A distinctive technique, attractive colour sense and often surprising compositions continue to draw admirers to the abstract paintings of Juan Uslé. This confirmed by both his current show at Cheim and Read, NY (ending 15th March) and recent survey at the Centre for Contemporary Art, Malaga. The work is so easy on the eye the artist is equally celebrated and censured for flaunted facility. Unfortunately the web offers too few examples of the artist’s early work to trace the development of his style. But since his work displays remarkable consistency over the past 18 years at least, this post looks instead at where Uslé fits in with abstraction currently, at why his work should draw this divided response.
The course of recent abstraction has been touched upon in earlier Posts (see 32, 10 and 14), as has the drift to lesser levels of abstraction (see Posts 24, 53 and 57). Here the interest is in how the formal elements allowed by Minimalism, or full abstraction, are teased into further variety. For, even to sustain the principles of Minimalism is to cautiously increase the options, to concede new variations and steadily ‘maximise’ formal elements. The strictest ordering or pattern soon paves the way for more relaxed, complex or elusive versions; for pattern detected across preceding patterns, along successive elements. By the 80s, traditional Pattern and Decoration have been assimilated, are extended by novel materials and technique or else compounded in more elusive relations between motifs.
If there is a single influence or relevant comparison for Uslé in New York (where he moves in 1987) it is probably the work of Jonathan Lasker, a pivotal figure for his dedication to just these relations. Lasker similarly favours linear formulations, overlapping motifs and often intriguing technique (and now also shows with Cheim and Read). However, for Lasker relations between parts are not just a deft play on the diversity of line, its role in shape and colour. They shrewdly make multiple connections from one kind of line or shape to others. The pattern may be diffuse, but the threads are fine and many. With Uslé, the diversity of parts, never quite display this complexity. At times he can seem very like Lasker, in the schematic arrangement of motifs and linear engineering, but the variation lacks the resonance and ingenuity of a Lasker. They are too diverse, in too few ways.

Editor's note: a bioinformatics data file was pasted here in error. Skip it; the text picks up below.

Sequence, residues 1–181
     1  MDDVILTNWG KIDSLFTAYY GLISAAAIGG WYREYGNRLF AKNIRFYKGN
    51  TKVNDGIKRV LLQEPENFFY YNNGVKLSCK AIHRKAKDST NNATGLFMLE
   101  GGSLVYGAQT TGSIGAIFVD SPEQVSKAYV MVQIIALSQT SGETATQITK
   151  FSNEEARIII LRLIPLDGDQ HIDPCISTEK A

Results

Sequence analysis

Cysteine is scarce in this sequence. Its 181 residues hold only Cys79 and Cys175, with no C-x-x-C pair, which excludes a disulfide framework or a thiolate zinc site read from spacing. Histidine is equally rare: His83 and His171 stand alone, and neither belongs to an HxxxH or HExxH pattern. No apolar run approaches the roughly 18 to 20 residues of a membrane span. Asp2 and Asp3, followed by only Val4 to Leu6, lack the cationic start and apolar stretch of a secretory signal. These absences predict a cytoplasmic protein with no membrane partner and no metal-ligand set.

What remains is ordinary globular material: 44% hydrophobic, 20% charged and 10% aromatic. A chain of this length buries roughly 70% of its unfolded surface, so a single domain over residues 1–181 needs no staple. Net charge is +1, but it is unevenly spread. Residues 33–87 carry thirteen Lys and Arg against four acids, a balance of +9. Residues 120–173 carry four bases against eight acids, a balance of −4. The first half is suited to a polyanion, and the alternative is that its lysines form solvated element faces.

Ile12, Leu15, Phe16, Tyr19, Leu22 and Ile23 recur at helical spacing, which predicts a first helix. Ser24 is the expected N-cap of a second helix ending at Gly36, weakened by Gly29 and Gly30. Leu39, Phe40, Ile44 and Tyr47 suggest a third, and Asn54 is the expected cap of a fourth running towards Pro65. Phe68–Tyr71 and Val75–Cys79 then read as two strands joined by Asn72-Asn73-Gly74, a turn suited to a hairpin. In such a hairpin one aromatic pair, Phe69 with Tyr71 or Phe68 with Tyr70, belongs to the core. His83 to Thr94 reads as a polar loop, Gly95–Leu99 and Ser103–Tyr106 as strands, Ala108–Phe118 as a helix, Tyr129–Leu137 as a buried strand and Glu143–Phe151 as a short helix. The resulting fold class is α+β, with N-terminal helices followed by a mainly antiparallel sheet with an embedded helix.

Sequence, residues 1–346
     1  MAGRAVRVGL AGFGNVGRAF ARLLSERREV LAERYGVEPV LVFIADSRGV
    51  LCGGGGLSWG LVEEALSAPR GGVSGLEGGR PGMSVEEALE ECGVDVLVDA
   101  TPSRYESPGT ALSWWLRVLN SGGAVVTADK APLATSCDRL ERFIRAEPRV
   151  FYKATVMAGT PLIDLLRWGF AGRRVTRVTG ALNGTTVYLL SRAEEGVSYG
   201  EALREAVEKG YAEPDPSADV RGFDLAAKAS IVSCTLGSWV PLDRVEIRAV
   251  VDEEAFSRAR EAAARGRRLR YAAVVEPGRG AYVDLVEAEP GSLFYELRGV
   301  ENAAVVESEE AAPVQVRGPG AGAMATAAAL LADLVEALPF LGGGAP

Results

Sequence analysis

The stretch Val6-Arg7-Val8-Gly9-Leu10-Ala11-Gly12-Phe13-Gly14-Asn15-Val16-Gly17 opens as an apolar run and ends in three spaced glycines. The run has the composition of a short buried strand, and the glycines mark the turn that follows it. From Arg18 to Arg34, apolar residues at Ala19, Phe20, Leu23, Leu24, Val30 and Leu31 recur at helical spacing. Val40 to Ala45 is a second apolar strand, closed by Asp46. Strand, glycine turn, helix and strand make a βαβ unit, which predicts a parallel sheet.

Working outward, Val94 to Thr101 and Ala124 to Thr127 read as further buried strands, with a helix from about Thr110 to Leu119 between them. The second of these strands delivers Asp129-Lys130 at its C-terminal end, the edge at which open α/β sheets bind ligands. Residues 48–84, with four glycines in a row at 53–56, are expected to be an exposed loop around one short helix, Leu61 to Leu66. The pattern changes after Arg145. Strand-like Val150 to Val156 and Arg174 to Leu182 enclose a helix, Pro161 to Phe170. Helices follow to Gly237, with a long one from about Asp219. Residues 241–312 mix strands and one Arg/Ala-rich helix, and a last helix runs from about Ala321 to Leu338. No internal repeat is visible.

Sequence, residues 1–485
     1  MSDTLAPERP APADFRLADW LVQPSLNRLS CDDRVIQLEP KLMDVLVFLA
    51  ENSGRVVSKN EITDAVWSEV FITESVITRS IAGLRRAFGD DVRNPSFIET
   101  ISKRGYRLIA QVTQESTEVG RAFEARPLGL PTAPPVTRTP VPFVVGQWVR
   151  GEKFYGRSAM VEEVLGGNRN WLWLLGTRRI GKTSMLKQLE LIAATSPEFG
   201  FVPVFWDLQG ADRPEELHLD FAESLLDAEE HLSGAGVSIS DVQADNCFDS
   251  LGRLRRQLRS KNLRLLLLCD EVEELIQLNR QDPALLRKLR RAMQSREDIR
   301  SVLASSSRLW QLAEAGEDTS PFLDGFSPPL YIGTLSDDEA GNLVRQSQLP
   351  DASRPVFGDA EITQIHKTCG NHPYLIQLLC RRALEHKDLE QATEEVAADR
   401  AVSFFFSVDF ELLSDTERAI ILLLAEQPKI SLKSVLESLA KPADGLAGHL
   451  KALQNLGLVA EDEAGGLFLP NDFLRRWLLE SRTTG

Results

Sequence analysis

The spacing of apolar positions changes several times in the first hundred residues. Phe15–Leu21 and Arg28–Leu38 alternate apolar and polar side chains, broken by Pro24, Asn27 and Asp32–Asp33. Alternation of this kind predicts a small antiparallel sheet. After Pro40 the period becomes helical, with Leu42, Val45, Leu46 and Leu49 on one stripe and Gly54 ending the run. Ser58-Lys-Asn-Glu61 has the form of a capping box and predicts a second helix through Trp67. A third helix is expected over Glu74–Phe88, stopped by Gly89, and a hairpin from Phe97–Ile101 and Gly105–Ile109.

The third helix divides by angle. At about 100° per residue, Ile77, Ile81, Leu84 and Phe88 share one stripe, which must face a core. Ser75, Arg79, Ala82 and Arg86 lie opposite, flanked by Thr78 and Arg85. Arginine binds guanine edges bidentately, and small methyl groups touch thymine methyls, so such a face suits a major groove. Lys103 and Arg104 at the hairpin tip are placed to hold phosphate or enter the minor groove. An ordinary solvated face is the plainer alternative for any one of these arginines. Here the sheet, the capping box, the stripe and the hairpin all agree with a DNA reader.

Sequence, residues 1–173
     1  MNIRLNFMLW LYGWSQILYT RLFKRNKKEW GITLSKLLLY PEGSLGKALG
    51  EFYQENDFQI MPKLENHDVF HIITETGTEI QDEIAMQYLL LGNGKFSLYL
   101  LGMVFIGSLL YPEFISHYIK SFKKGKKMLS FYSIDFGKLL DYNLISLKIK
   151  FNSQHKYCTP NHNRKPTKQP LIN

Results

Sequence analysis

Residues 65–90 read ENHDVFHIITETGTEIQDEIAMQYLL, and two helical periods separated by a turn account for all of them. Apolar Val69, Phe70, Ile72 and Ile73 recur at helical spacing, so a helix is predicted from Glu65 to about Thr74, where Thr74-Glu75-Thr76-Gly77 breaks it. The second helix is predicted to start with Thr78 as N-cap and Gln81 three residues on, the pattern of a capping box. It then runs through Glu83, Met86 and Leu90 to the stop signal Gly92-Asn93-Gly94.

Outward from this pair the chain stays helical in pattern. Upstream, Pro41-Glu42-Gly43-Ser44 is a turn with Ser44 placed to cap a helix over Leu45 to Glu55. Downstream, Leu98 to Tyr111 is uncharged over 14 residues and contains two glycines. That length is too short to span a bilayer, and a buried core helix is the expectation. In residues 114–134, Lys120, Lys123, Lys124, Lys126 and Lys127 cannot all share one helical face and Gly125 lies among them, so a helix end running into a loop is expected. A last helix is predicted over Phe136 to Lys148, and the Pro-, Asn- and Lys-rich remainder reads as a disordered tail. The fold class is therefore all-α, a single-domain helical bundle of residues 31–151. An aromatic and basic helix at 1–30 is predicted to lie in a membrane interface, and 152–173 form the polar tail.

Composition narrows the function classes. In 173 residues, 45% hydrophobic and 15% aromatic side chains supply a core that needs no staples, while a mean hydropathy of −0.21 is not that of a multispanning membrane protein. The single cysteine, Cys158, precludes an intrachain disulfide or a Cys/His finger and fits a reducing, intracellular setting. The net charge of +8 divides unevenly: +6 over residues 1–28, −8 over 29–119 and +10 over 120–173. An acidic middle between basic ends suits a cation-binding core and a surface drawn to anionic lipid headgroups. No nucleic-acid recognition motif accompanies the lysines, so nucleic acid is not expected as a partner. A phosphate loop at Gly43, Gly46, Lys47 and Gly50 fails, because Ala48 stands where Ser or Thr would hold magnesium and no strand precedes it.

At other times Uslé’s lines or brushstrokes broach more figurative or stylised depiction, but these are rarely pressed or sustained. Then again when Uslé reins in the whimsical variation, retreats to just stripes or segments thereof, for example, the variation can seem not enough, too tame or traditional. Greater emphasis then falls upon the artist’s distinctive technique, in which a diluted or dispersed pigment is variously dragged or raked across the canvas, delivering a curious texture or distribution to colour, a somewhat mechanical feel to line, not unlike the work of Bernard Frize. Colour duly acquires a translucence or thinness that recalls fine fabrics, a sheer coating that inspires clothing, after a fashion. These are perhaps the artist’s most frank expressions of attitude. Line is more patterned for the unusual tool, but the patterns severely constrained, or again, combined with so much else that the effect is no more than mannerism.
Yet it is surely the lightness and directness to Uslé’s compositions that given them much of their appeal. If the price to be paid for that is a looseness to structure, an excess of variation, the reward is in some part surprise and insouciance. Critics have found his work dominated by technique and elegance, superficial or showy but this may be to mistake content for form. Are differences with Lasker simply differences in character or attitude? Put another way, is the artist entitled to a more diffuse structure for the greater emphasis on technique? There are other standards available. Unfortunately Uslé falls short of precedent and peers there as well. To compare Uslé with Albert Oehlen or Fiona Rae, for example, shows how much further diversity of technique may be carried, how cautious Uslé looks by comparison. Equally, to compare the work with more concrete diagram or chart, such as some works by Jules de Balincourt or Thomas Scheibitz reveals Uslé’s reluctance or indifference in that direction.
On one scale he is too reckless; on another not bold enough, on another too aloof. To see him as a compromise, or the best of all three, is to place a premium on moderation. Uslé stakes out a territory clearly enough, but it is for those who have little at stake.
Tuesday, 11 March 2008
Posted by CAP at 19:12